Did Moses really speak to over a million people?

December 3rd, 2015 Posted by Ask the Rabbi No Comment yet

Question:

I am studying my Hebrew roots, and lately a lot of hidden treasure springs up as I study the scriptures. One thing however bugs me. I was watching a teaching and the teacher requested the people in the room to move forward so that they could hear him. My mind then jumped to Mount Sinai when Moses read the Law, to 600,000 men (and there were also woman and children there). How did Moses achieve that all these people could hear him? 

I need to wrap my mind around this. Hashem did amazing wonders in the desert, however how did everyone hear Moses? 

Thank you and Shalom

∼ Charlene

Answer:

Dear Charlene,

We were quite tickled by your question. It is so important that we look at Bible passages that we have read a thousand time and still approach them with a desire to find new questions jumping out at us. This is exactly what you did!

While we have no problem with the idea of God miraculously amplifying either Moses’ voice or else the hearing abilities of the Israelites, a miracle might not be necessary.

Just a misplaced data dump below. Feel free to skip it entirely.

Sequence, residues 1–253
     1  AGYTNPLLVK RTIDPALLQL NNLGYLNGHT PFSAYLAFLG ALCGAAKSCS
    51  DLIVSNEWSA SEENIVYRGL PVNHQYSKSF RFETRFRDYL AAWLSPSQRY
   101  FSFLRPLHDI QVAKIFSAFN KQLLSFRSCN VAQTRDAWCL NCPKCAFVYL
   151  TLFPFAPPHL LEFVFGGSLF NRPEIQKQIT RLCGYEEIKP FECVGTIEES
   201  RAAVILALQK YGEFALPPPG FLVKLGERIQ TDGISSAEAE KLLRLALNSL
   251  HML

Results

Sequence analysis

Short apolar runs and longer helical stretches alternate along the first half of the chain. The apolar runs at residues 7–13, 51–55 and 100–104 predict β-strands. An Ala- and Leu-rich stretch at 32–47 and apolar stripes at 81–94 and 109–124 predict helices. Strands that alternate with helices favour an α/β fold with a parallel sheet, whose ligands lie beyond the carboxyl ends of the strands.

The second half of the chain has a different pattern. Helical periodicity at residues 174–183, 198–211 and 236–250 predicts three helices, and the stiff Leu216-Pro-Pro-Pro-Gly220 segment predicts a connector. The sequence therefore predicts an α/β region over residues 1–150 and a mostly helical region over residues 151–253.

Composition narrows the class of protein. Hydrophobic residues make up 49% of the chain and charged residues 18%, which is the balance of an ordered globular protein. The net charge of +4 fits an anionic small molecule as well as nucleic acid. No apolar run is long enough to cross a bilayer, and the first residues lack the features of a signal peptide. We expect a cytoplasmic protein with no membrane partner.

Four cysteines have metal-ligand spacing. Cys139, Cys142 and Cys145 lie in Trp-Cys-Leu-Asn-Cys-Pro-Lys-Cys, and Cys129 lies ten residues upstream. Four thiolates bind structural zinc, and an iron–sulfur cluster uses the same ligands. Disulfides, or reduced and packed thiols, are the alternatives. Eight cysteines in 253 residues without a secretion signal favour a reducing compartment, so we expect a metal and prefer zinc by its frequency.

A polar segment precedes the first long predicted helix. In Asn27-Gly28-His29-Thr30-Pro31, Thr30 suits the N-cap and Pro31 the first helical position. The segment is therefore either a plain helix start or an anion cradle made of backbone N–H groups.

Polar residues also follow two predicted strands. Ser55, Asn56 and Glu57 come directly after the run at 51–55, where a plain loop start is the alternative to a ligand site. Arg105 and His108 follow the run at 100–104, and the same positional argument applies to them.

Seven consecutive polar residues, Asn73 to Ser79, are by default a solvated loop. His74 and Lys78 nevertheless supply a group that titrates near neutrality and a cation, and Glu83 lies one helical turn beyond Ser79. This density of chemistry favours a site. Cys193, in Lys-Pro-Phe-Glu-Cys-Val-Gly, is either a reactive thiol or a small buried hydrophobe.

In the mid-1800s, the Lincoln-Douglas debates took place. With no microphones, more than 10,000 people listened intently to the two men speaking in outdoor fields. Years earlier, in the 1700s, Benjamin Franklin was among those who attended one of many revival meetings held by a Pastor George Whitefield. Pastor Whitefield’s reputation was wide-spread and he drew massive crowds.  Franklin estimated that Whitefield could be heard by over thirty-thousand people in the open air, though, until hearing him in person he had thought claims of the size of the crowds to be exaggerated.

Often, as technology advances, human skills recede. The fact that we can’t imagine people’s voices today carrying as well or that, as is likely, people’s hearing used to be substantially more acute, doesn’t mean that it wasn’t so.

Keep listening,

Rabbi Daniel and Susan Lapin

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